wordswarm.net: free dictionary lookup
Wordswarms From Years Past

13-Letter Words
12-Letter Words
11-Letter Words
10-Letter Words
9-Letter Words
8-Letter Words
7-Letter Words
6-Letter Words
5-Letter Words
4-Letter Words
3-Letter Words

Adjacent Words

Parent nucleus
parent-teacher association
parental leave
parental quality
parenthesis-free notation
parenthetical expression

Parenthesis definitions

Webster's 1828 Dictionary

PAREN'THESIS, n. [Gr. to insert.] A sentence, or certain words inserted in a sentence, which interrupt the sense or natural connection of words, but serve to explain or qualify the sense of the principal sentence. The parenthesis is usually included in hooks or curved lines, thus.
These officers, whom they still call bishops, are to be elected to a provision comparatively mean, through the same arts, (that is, electioneering arts,) by men of all religious tenets that are known or can be invented.
Do not suffer every occasional thought to carry you away into a long parenthesis.

WordNet (r) 3.0 (2005)

1: either of two punctuation marks (or) used to enclose textual material
2: a message that departs from the main subject [syn: digression, aside, excursus, divagation, parenthesis]

Merriam Webster's

noun (plural parentheses) Etymology: Late Latin, from Greek, literally, act of inserting, from parentithenai to insert, from para- + en- en- + tithenai to place more at do Date: circa 1550 1. a. an amplifying or explanatory word, phrase, or sentence inserted in a passage from which it is usually set off by punctuation b. a remark or passage that departs from the theme of a discourse ; digression 2. interlude, interval 3. one or both of the curved marks ( ) used in writing and printing to enclose a parenthetical expression or to group a symbolic unit in a logical or mathematical expression parenthetical also parenthetic adjective parenthetically adverb

Oxford Reference Dictionary

n. (pl. parentheses) 1 a a word, clause, or sentence inserted as an explanation or afterthought into a passage which is grammatically complete without it, and usu. marked off by brackets or dashes or commas. b (in pl.) a pair of round brackets () used for this. 2 an interlude or interval. Phrases and idioms: in parenthesis as a parenthesis or afterthought. Etymology: LL f. Gk parenthesis f. parentithemi put in beside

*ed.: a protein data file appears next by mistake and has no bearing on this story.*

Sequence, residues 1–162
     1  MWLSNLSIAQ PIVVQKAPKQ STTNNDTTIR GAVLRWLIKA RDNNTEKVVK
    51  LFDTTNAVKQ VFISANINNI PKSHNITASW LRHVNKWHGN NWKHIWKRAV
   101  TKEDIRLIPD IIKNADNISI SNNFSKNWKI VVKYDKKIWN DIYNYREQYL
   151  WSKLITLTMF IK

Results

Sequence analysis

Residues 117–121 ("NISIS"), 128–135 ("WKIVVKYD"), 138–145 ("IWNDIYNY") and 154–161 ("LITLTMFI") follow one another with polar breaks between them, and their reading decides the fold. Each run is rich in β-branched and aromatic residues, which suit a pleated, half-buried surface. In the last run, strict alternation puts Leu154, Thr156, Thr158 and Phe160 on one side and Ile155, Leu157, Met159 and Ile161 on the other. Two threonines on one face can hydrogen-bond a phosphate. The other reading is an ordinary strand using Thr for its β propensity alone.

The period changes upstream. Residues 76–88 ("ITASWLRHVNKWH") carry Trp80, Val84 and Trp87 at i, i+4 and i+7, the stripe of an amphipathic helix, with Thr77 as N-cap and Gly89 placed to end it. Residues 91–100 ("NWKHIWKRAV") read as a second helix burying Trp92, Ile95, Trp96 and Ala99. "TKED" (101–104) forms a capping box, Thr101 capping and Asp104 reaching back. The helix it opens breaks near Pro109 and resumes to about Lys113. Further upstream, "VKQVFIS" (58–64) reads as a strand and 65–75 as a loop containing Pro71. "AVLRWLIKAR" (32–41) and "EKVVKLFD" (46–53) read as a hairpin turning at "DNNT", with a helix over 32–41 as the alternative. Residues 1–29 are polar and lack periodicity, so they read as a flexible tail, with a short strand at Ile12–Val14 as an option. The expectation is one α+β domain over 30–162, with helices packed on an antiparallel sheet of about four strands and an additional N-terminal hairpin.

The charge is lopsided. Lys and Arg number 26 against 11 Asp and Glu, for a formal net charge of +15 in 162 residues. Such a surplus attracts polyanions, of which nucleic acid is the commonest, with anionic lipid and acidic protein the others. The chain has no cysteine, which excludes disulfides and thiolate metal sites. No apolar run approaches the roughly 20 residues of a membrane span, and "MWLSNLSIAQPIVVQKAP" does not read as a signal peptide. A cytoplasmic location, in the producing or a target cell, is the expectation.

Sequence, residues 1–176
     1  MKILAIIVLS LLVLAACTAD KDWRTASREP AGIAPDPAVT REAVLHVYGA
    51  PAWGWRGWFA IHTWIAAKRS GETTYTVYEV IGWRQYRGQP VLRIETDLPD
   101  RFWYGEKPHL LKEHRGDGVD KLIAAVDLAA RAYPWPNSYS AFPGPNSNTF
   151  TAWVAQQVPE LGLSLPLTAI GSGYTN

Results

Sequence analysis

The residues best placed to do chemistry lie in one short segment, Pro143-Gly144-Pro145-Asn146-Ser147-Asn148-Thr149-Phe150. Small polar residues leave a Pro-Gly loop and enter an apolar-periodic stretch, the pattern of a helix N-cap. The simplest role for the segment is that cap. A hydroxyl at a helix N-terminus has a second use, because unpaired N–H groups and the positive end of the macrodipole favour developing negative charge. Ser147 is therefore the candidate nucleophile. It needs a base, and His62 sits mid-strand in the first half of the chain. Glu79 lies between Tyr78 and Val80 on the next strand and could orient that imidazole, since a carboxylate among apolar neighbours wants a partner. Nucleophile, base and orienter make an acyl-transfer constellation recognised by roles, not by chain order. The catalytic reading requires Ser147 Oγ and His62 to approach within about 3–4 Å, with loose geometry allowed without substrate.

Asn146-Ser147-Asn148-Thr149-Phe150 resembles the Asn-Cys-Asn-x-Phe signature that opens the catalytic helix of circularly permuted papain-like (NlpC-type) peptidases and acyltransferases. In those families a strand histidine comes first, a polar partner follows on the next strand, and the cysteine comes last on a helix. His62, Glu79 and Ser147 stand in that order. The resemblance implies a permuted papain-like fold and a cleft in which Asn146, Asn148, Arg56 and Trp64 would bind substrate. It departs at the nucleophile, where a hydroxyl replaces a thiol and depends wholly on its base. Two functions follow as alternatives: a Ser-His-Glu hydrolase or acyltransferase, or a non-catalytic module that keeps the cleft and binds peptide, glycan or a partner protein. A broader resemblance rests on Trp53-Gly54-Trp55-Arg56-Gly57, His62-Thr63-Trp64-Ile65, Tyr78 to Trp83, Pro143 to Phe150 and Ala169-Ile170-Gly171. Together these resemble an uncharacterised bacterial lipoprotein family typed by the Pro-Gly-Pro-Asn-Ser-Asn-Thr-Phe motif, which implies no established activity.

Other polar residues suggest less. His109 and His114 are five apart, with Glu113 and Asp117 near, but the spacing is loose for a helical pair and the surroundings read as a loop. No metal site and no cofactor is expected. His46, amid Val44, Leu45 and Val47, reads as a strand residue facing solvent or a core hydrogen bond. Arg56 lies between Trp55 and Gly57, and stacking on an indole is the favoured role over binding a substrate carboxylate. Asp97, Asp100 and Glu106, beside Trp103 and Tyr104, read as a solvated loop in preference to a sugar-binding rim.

Webster's 1913 Dictionary

Parenthesis Pa*ren"the*sis, n.; pl. Parentheses. [NL., fr. Gr. ?, fr. ? to put in beside, insert; ? beside + ? in + ? to put, place. See Para-, En-, 2, and Thesis.] 1. A word, phrase, or sentence, by way of comment or explanation, inserted in, or attached to, a sentence which would be grammatically complete without it. It is usually inclosed within curved lines (see def. 2 below), or dashes. ``Seldom mentioned without a derogatory parenthesis.'' --Sir T. Browne. Don't suffer every occasional thought to carry you away into a long parenthesis. --Watts. 2. (Print.) One of the curved lines () which inclose a parenthetic word or phrase. Note: Parenthesis, in technical grammar, is that part of a sentence which is inclosed within the recognized sign; but many phrases and sentences which are punctuated by commas are logically parenthetical. In def. 1, the phrase ``by way of comment or explanation'' is inserted for explanation, and the sentence would be grammatically complete without it. The present tendency is to avoid using the distinctive marks, except when confusion would arise from a less conspicuous separation.

Collin's Cobuild Dictionary

(parentheses) 1. Parentheses are a pair of curved marks that you put around words or numbers to indicate that they are additional, separate, or less important. (This sentence is in parentheses.) = bracket N-COUNT: usu pl 2. A parenthesis is a remark that is made in the middle of a piece of speech or writing, and which gives a little more information about the subject being discussed. N-COUNT 3. You say 'in parenthesis' to indicate that you are about to add something before going back to the main topic. PHRASE: PHR cl

1811 Dictionary of the Vulgar Tongue

To put a man's nose into a parenthesis: to pull it, the fingers and thumb answering the hooks or crochets. A wooden parenthesis; the pillory. An iron parenthesis; a prison.

Moby Thesaurus

anastrophe, aside, broken thread, brokenness, chiasmus, disconnectedness, disconnection, discontinuance, discontinuation, discontinuity, discontinuousness, discreteness, disjunction, episode, fitfulness, hypallage, hyperbaton, hysteron proteron, incoherence, incompleteness, infix, injection, insert, insertion, insinuation, intercalation, interjection, interlineation, interlocution, intermittence, interpolation, introduction, irregularity, metastasis, metathesis, non sequitur, noncontinuance, nonlinearity, nonseriality, nonuniformity, obiter dictum, palindrome, remark, side remark, synchysis, tmesis, tossing-in


wordswarm.net: free dictionary lookup